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Odyssey loses shipwreck, finds another

Odyssey Marine, a firm which has popularized recovery of maritime vessels sunk in deep water, took one on the chin Sept. 21 as the U.S. Court of Appeals for the 11th Circuit in Atlanta, one level before plenary review by the U.S. Supreme Court, sided with the Kingdom of Spain and dismissed the attempt by Odyssey to salvage the Nuestra Senora Mercedes treasure ship with millions in treasure aboard the military naval vessel.

Less than a week later, the stockholders of Odyssey were crowing as the company located a 20th century British ship sunk by a Nazis submarine off the Irish coast, and with the consent of the English crown and government, it can salvage about 7 million ounces of silver (valued today exceeding $210 million).

Odyssey is a successful salver which presently has 15 different salvage actions brought by “arresting … long-sunken vessels pending in the United States District Court for the Central District of Florida, headquartered in Tampa.”

Coin Hoards

The tenth volume of Coin Hoards is again focused on ancient Greek coinage.

The Mercedes sank on Oct. 5, 1804, after a battle with the British navy off the Straits of Gibraltar in international waters.The manifest aboard showed a cargo departing from Peru laden with nearly 600,000 silver and gold coins valued at more than $500 million.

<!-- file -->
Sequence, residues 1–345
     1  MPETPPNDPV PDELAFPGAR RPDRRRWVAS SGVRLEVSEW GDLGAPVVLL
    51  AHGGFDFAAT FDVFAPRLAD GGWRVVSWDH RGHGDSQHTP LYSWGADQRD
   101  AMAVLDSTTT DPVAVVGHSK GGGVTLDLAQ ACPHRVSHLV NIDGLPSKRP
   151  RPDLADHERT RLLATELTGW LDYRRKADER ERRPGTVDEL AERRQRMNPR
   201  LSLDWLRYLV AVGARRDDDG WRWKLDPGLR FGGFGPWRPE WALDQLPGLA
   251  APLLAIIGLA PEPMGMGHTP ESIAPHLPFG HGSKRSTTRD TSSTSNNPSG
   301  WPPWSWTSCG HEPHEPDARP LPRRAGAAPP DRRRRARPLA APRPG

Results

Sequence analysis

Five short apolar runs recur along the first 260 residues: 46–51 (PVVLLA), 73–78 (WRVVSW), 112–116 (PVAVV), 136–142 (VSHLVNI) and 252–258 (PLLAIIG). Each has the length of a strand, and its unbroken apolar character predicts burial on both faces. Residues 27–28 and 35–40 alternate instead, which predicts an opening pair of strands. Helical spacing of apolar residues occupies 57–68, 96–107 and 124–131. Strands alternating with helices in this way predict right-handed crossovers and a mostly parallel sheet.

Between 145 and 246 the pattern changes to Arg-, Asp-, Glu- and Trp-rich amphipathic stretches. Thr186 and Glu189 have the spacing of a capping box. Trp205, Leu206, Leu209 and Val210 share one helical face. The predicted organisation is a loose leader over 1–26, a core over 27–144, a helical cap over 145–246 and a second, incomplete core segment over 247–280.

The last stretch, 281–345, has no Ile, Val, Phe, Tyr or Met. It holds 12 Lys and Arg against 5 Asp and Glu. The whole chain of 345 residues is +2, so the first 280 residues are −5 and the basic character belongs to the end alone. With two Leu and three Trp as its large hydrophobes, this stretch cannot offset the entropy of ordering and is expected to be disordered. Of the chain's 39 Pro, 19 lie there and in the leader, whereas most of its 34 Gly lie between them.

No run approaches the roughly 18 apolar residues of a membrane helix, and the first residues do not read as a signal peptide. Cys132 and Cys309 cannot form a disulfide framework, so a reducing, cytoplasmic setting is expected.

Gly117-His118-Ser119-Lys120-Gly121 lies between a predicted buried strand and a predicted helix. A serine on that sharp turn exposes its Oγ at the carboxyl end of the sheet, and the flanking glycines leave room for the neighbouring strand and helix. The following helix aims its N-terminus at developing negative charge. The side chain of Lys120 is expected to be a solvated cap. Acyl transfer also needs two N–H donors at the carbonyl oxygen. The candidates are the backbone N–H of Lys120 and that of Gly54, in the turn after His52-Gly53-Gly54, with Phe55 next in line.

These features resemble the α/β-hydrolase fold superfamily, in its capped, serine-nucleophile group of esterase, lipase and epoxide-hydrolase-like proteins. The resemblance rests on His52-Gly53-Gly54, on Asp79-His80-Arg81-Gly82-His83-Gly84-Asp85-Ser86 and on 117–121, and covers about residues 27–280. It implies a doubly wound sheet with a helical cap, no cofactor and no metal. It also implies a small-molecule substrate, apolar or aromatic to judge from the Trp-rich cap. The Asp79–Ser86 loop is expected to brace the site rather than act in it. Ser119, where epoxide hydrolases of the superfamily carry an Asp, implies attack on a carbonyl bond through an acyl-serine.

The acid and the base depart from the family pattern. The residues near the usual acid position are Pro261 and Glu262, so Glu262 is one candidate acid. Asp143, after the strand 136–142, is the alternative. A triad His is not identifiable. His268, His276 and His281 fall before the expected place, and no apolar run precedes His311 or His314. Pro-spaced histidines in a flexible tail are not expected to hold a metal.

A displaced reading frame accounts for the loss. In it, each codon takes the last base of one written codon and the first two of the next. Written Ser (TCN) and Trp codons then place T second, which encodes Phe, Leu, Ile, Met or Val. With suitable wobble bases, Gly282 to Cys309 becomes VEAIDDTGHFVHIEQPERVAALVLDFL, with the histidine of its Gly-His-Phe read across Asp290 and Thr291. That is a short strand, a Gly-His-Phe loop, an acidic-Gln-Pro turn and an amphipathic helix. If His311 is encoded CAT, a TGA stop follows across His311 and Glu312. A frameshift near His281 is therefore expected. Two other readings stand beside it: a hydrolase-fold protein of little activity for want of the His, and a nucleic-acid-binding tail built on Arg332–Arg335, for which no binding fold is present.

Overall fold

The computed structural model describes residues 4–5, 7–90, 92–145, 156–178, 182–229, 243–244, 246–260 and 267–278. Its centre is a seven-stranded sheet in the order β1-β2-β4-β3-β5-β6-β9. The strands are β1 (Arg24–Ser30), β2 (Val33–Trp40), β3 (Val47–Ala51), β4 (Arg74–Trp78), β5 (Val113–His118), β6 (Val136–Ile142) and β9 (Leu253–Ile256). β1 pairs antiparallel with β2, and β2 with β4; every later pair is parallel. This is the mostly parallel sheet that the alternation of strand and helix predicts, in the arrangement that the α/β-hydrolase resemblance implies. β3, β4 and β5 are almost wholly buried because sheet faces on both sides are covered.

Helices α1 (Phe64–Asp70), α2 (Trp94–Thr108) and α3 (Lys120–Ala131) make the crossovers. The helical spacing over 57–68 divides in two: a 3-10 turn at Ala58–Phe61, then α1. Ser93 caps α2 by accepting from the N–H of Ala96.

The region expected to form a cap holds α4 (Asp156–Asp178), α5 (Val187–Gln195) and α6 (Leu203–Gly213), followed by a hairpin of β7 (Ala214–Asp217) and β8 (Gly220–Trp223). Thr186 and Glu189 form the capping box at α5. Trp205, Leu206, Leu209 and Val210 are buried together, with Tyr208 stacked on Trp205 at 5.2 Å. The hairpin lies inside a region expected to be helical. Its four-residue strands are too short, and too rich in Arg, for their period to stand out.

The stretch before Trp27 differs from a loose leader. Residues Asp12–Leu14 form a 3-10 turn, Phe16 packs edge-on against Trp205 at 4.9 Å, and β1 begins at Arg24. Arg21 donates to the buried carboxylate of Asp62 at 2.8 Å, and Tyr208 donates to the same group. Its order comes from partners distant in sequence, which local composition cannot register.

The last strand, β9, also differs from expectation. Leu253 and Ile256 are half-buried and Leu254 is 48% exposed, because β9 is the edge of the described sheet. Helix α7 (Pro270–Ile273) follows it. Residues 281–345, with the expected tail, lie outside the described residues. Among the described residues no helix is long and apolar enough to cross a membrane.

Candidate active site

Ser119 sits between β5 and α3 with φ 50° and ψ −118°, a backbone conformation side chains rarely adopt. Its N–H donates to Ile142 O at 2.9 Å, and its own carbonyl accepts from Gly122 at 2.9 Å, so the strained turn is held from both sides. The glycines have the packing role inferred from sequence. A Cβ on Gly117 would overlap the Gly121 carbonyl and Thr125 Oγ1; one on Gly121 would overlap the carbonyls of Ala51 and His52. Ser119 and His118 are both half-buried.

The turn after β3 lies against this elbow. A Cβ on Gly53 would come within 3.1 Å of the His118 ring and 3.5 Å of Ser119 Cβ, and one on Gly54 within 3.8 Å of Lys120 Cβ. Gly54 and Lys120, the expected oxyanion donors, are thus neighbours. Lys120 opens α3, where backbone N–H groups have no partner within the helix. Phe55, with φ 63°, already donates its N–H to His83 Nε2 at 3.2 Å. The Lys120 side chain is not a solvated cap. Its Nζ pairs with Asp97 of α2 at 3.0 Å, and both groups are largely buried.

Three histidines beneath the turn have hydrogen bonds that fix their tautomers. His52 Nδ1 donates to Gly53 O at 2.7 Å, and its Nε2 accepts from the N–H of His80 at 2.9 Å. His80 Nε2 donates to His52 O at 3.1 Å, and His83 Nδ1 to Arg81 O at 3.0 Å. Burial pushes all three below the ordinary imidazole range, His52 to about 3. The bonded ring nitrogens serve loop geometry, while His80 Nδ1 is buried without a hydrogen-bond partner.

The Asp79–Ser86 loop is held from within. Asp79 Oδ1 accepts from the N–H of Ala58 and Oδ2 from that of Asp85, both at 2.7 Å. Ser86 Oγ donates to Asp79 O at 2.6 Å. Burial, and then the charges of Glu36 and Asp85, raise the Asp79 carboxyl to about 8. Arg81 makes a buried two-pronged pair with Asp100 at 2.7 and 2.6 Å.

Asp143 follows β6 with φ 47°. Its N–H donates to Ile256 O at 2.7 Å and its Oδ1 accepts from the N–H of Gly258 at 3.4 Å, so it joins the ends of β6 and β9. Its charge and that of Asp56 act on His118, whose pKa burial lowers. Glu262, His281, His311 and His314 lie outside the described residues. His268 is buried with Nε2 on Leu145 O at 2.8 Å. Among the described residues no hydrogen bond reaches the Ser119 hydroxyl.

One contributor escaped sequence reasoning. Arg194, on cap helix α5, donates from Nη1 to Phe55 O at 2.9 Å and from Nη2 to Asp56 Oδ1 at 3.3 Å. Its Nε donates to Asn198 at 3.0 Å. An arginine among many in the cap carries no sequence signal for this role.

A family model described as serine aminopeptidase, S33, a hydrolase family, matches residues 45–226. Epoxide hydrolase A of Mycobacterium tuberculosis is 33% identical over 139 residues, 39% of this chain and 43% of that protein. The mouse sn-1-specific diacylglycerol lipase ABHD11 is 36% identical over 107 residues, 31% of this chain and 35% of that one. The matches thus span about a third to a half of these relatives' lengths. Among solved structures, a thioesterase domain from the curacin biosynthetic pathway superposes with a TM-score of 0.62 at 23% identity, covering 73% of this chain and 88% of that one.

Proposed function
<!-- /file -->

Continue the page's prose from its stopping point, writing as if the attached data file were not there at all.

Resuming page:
The recent find is the S.S. Gairsoppa, a British cargo ship torpedoed by a German U-boat in February 1941 and sank nearly three miles down. The 412-foot ship was operating for the United Kingdom Ministry of War between Calcutta and London. Its manifest shows it bore more than 7 million ounces of silver ingots.

“Odyssey Marine said it would be “the largest known precious metal cargo ever recovered from the sea.” They signed a contract allowing them to keep 80 percent of the find with the balance going to the British government.

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In November 2006, Odyssey representatives had met with an official from Spain’s Ministry of Culture seeking Spain’s consent to recover and sell artifacts from shipwrecks of historical or cultural interest to Spain.
Although the participants now have different views about the meeting, all agree Spain failed to give Odyssey explicit approval.

Spain proved that the Mercedes was a warship, and in the end that was all that mattered under the law of prize, the laws of war and the law of marine salvage.

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Strike It Rich with Pocket Change, 2nd Edition

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